7. Lindsay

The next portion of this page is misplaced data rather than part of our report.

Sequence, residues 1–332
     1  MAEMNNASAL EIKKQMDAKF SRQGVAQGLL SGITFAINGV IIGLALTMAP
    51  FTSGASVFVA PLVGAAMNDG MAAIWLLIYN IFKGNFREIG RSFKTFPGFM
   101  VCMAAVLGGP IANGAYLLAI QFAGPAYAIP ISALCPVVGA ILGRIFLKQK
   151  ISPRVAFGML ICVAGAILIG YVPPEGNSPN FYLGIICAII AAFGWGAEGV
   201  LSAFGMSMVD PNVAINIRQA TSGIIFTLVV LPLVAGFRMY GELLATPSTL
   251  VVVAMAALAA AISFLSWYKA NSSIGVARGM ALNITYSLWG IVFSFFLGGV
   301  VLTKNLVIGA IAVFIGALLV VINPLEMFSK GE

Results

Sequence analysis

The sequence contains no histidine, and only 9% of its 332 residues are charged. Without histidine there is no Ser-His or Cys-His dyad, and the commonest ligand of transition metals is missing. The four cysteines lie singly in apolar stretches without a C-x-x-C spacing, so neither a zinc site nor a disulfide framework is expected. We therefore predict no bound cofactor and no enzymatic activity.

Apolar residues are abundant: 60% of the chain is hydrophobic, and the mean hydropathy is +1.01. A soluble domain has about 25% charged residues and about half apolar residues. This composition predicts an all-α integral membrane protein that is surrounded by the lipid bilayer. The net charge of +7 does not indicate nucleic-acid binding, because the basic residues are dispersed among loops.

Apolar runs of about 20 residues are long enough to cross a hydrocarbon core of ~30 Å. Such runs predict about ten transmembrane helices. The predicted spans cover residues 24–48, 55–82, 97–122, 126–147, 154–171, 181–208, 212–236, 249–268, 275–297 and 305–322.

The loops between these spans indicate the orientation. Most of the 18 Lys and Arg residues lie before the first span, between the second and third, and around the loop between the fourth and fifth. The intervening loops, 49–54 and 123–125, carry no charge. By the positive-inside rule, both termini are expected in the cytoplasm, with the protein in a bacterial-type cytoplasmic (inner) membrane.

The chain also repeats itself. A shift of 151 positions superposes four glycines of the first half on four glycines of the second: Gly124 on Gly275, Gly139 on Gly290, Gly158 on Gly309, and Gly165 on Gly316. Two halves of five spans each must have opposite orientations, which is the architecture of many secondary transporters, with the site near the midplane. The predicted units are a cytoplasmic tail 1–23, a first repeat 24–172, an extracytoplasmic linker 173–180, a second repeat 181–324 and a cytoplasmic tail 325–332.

Memorial Day